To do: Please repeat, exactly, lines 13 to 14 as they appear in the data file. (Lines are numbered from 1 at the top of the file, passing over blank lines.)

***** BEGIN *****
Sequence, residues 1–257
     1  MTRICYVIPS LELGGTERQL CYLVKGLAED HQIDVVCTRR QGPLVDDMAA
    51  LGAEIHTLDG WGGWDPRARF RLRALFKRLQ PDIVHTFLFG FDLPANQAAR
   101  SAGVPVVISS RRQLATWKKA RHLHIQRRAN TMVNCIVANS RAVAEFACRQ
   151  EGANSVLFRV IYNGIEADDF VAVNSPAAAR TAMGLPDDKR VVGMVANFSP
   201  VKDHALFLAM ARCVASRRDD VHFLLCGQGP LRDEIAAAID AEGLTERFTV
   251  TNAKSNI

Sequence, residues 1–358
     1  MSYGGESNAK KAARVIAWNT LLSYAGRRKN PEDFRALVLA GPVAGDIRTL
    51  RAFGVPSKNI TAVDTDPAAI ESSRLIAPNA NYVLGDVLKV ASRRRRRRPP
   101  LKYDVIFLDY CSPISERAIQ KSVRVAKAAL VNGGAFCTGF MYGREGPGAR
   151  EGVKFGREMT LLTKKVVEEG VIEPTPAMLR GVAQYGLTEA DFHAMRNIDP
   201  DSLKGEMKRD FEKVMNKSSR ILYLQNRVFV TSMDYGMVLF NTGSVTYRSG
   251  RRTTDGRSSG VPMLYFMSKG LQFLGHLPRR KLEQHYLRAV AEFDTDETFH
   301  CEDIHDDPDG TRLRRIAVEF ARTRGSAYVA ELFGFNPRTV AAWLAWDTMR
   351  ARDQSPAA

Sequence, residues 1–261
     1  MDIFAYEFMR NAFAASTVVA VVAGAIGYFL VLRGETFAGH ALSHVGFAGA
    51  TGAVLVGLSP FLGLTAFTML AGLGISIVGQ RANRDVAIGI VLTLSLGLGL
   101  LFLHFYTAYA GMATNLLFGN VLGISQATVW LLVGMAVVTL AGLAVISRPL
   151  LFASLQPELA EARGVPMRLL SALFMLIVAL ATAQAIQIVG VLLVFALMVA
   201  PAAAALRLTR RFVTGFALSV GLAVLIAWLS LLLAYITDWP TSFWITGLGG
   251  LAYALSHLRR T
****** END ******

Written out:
   201  DSLKGEMKRD FEKVMNKSSR ILYLQNRVFV TSMDYGMVLF NTGSVTYRSG
   251  RRTTDGRSSG VPMLYFMSKG LQFLGHLPRR KLEQHYLRAV AEFDTDETFH